Posted: April 12, 2016

Evan Chong’s volunteer experience at GRH has helped set him on a path to care for patients for years to come.

Volunteering is a long-time tradition for Evan. He began volunteering at GRH while studying at the University of Waterloo.

Evan is now in his third and final year of medicine at McMaster University. Starting in July he will begin his family medicine residency program at the University of Toronto.

While his volunteer time at GRH has ended, Evan says the experience will continue to resonate with him as he trades his volunteer shirt for a stethoscope.

Evan Chong
Why did you start volunteering at GRH?

Volunteering was always something that was part of my life from a very young age. Growing up in Toronto I was always involved in volunteering in some capacity, whether that be volunteering at summer camps and the food bank in grade school, or helping raise money for organization such as Heart & Stroke, Canadian Cancer Society and Free the Children in high school.

So when I moved to Waterloo to begin my studies at the University of Waterloo, volunteering was something I knew I wanted to continue. 

In what areas did you volunteer and for how long?

I started volunteering in May 2011 as part of the Grand River Hospital summer student program. I started out both in inpatient oncology as well as in information / portering.

After successfully completing the program, I decided to stay on as a volunteer up until May 2013 when I started medical school. Notably, I also had a brief stint as a tour guide for new volunteers (which was fun but was rather short lived!). 

What did you learn from volunteering?

It was through my experiences as a volunteer where I learned firsthand the important role we play as advocates.

A health advocate is someone who uses their expertise to understand the needs of their patients, speak on their behalf when required, and mobilize resources, all with the goal of improving health. It is this mentality that is truly at the core of being a volunteer.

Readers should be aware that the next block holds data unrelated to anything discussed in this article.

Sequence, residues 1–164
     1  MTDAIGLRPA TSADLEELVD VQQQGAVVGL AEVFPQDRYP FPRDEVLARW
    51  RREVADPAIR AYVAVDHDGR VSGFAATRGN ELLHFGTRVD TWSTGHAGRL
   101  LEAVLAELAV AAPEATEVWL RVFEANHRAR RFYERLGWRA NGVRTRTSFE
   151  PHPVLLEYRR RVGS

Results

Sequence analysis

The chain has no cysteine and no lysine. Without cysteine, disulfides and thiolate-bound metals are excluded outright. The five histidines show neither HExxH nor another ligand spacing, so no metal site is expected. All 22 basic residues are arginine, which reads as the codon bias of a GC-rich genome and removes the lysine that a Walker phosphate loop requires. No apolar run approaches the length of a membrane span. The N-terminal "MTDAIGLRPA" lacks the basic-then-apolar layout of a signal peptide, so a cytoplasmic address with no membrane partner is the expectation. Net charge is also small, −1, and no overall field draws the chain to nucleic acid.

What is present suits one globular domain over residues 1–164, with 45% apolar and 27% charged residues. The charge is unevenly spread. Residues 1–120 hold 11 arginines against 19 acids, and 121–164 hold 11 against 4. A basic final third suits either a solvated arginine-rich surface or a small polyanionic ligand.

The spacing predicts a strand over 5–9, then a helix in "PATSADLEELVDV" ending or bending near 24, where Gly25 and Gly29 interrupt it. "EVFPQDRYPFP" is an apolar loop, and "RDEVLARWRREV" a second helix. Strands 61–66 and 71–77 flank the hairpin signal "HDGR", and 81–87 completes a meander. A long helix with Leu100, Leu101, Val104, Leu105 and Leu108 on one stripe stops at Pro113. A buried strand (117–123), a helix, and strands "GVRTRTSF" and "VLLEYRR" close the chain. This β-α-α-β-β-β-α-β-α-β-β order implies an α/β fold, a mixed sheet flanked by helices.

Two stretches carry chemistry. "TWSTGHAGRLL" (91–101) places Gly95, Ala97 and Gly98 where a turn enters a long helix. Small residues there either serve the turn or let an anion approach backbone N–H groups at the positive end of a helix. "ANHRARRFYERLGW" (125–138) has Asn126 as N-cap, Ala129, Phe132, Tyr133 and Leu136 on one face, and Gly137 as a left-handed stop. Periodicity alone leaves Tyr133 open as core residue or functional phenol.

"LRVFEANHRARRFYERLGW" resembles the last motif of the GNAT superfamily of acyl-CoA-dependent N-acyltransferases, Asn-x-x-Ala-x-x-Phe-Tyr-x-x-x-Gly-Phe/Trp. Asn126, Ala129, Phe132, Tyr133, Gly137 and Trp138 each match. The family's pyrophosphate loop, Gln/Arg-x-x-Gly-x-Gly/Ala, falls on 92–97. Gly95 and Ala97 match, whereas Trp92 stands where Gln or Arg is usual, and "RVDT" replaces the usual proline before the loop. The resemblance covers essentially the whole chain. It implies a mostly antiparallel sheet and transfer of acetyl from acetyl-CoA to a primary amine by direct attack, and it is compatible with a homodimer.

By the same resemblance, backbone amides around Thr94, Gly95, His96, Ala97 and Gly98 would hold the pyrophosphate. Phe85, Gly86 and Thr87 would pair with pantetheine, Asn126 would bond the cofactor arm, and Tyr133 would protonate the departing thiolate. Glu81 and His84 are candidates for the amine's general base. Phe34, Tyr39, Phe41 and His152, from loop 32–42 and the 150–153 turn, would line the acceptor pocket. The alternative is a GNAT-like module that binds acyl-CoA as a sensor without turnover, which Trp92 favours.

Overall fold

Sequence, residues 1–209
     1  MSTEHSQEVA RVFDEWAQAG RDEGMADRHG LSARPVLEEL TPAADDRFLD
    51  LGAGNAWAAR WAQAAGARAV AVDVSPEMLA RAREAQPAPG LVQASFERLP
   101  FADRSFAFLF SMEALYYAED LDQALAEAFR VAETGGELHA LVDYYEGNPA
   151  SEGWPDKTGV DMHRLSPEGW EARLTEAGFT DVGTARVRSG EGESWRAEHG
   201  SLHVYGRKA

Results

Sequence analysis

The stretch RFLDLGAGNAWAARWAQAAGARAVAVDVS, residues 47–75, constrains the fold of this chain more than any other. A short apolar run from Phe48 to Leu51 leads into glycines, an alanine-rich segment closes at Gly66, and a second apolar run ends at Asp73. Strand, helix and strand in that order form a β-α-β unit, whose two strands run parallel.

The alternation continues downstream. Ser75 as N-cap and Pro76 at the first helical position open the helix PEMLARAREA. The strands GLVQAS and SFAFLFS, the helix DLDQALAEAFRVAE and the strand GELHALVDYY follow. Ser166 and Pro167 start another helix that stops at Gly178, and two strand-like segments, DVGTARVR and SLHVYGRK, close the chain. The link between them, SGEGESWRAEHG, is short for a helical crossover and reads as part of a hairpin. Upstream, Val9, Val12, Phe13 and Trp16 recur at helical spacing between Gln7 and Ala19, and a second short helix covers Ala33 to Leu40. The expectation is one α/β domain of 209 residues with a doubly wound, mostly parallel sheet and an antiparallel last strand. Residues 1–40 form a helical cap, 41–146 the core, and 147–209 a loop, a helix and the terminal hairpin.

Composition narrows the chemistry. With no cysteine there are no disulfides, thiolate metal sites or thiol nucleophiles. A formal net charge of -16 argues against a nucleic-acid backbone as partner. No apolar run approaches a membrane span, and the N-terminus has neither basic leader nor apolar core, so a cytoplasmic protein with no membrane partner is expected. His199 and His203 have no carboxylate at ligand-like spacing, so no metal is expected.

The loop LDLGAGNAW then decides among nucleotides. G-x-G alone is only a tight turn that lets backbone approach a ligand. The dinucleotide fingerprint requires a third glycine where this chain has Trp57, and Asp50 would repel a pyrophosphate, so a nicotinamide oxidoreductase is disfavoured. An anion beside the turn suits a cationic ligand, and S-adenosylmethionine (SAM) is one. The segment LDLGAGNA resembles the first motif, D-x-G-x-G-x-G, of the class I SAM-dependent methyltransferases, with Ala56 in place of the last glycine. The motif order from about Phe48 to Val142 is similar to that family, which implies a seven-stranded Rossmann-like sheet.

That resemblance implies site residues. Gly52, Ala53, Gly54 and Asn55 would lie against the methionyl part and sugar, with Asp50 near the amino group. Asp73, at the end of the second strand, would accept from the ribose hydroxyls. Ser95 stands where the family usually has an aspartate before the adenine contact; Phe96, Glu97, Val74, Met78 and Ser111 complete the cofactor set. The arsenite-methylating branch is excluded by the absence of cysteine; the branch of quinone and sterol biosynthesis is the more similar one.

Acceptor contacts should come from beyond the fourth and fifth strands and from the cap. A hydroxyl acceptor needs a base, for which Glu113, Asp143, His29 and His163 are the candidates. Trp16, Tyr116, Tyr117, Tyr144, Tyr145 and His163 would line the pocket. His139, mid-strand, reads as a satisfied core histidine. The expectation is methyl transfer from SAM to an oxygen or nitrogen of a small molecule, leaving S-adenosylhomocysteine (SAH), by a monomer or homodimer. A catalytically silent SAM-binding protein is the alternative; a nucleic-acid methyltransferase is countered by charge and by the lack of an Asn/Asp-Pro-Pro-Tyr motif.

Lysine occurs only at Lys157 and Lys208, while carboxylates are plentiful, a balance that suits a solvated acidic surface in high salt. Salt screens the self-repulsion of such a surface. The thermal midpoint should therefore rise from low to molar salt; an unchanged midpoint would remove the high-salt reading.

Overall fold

Whether it was helping someone find their way to an important appointment, or helping a discharged patient make their way to the taxi to get home, it was through my experiences at Grand River where I learned how simple acts can go a long way.

What did you enjoy about it?

One of the most enjoyable parts about volunteering was the people! Grand River Hospital has some of the most dedicated and welcoming volunteers, and I always looked forward to starting my shift and seeing who I got to work with that day.

When I first started volunteering I was quite young, and it was always great to be able to interact from some of the more veteran volunteers, learn from their stories and experiences, and, at times, be taken under their wing. 

What were you able to take away from it for yourself?

From volunteering at Grand River Hospital I took away a sense of community and belonging. The friends I made, and the individuals I saw as mentors and supporters, have been integral to my journey as a medical student.

Whether it was on clinical rotation in the KW area, or whether it was sharing some updates on my progress, I always felt the support from the volunteer resources department. And that is something I will always cherish as I now look to starting my career as a family physician. 

How do you think your hospital volunteer experience will influence your practice as a family physician?

Being a hospital volunteer was an incredibly grounding experience, and gave me the perspective firsthand of what the patient goes through each and every time they seek medical care.

As health care practitioners, it’s easy to forget that, as a patient, navigating the health care system can be a confusing and, quite frankly, jarring experience. Having that appreciation of what a patient goes through whenever they seek medical care will be invaluable to my future practice as a family physician, and will help me better approach each patient encounter with a greater degree of empathy and compassion. 

Do you have anything to recommend to potential volunteers?

Volunteer opportunities, especially at the hospital, can be a rare commodity. If it’s something you are truly interested in, but if you’re having a hard time finding the placement you want, I encourage you to try a different position and see if you enjoy it. There is always something to learn from every volunteer experience, so keep your mind open and you never know what will happen!

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